clerk in the Immigration
Department Joanna Gardiner;

‘former vice principal Bessie

Nottage; teachers Necola Coop-
er and Caroline Sands; Ministry
of Education janitress Mary
Morris; police sergeants Pedro
Seymour and Terrance Bullard;
police constable Patrick Adder-
ley.

In announcing the event,
scheduled for September 30 to
October 7, Public Service Week
planning committee chairper-
son Laurie Bullard revealed
some of the other activities

- scheduled.
She said the week will com-
-mence with a service at 1lam

on October 1 at New Canaan
Baptist Church on Balao Road
in Freeport.

“Following the church service
we will have a three-day exhib-

In brief Commodore refuses to talk about

future as new commissary opens

COMMODORE Davey
Rolle side-stepped questions
about his future when he
opened the new commissary
at the Defence Force’s Coral
Harbour base yesterday.

When asked about his
position, Commodore Rolle
said: “Today is the official
opening of the commissary
and I have no comments on
that.”

However, there is specula-
tion within the Defence Force
on whether he will remain the
commodore or be replaced
amid allegations of “low
morale” among officers.

Yesterday, however, the
Defence Force chief would
not be drawn. The more mun-
dane matter of the base’s con-
venience store was foremost
in his mind.

According to Commodore

Rolle “a commissary is an on-
base military grocery store
that provides a variety of

goods to military personnel at
good prices.”

Commodore Rolle said:
“This commissary’s aim is to
provide the serving men and
women with quality goods and
services at financial savings,
and in the not too distant
future, it is intended to make
the services available to its
pensionable retirees.

“This facility evolved from
trolleys pushed along the
walkways to a fully-stocked
grocery store,” he said.

Commodore Rolle said: “In
this military establishment, we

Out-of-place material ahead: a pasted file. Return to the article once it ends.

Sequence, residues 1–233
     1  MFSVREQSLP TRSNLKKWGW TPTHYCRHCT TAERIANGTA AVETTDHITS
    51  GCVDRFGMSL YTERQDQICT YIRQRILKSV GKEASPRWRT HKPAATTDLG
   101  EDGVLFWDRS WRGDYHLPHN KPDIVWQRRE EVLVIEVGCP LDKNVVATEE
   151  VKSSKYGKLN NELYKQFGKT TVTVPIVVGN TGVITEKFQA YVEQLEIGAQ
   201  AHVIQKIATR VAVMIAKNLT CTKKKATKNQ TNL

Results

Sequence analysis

are grateful for the support
and generosity of all our sup-
pliers and we look forward to

establishing new partner-

ships.”

Commodore Rolle high-
lighted the significance of the
canteen as “commissaries are
operated for the benefit of
military personnel and their
families and its benefits are

highly prized by its recipients.”

i CHIEF Petty Officer
Leslie Forbes cutting the
ribbon to mark the official
opening of the newly
constructed Defence Force
Canteen Commissary, which
was dedicated at the Coral
Harbour Base on Tuesday

The commissary in Coral
Harbour was started in 1979
by Able Seaman A Dean,
Able Seaman F A Clarke
(now Lieutenant-Comman-
der) and Seaman H Bosfield
(retired Chief Petty Officer).
The commissary, once a “tuck
shop”, has now evolved into
“a facility that provides an
expanding line of food items,
personal and health care, laun-
dry and cleaning supplies, and
even a small supply of cloth-
ing,” according to Com-
modore Rolle.

Royal Bahamian

Invites applicants for the following position:-

Chief Engineer

Applicants should satisfy the following minimum
requirements:

Responsibilities: i
The successful applicant will be responsible for
Engineering/ Maintenance Operations. This includes:

Budget preparations and stock controls
HVAC & Refrigeration Systems

Sludge activated waste water treatment plant
Reverse osmosis water plants

Stand by generators up to 3.0MVA .
Commercial Kitchen equipment

x sit-in an effort to raise the pub-
~,*He’s awareness of the goods
‘ands services offered by vari-

Laundry machines
Environmental and computerized energy —

ous government departments
and agencies,” she said.
“The exhibit will be in the

’ foyer of the Freeport Post

Office between 9.30am and 4pm

“- "on October 2 to 4, and we espe-

cially invite school groups to
visit and view the exhibit”

She said the activities will
conclude with a Fun Day trip
to Sweeting’s Cay on Saturday,

- October 7 for all public officers,

retirees, and friends. es

Staff at First —

Caribbean

. adopt home

*

s

Base




























-2>111:00 The Bahamas Tonight
4-11:30

for girls

THE staff of First Caribbean
International Bank’s Shirley
Street branch adopted Shep-
herd’s Nook Home for Girls, a
non-profit organisation that
provides.shelter to girls between
the ages of 12 and 20 who have
experienced misfortune, abuse,
and rejection.

First Caribbean presented the

-home with a donation to assist
*. with much-needed supplies and

repairs.

vty

aa eal) ha
a 322-2157



WEDNESDAY,
_ SEPT. 20TH

6:30am Community Page 1540AM

8:00 ~ Bahamas @ Sunrise
9:00 Underdog
9:30 Tennessee Tuxedo & his tale
10:00 Treasure Attic
10:30 Aqua Kids
11:00 Immediate Response
noon ZNS News Update
12:05 Immediate Response (cont'd)
1:00 Island Lifestyles
1:30 N-Contrast
2:00 Bullwinkle & and His Friends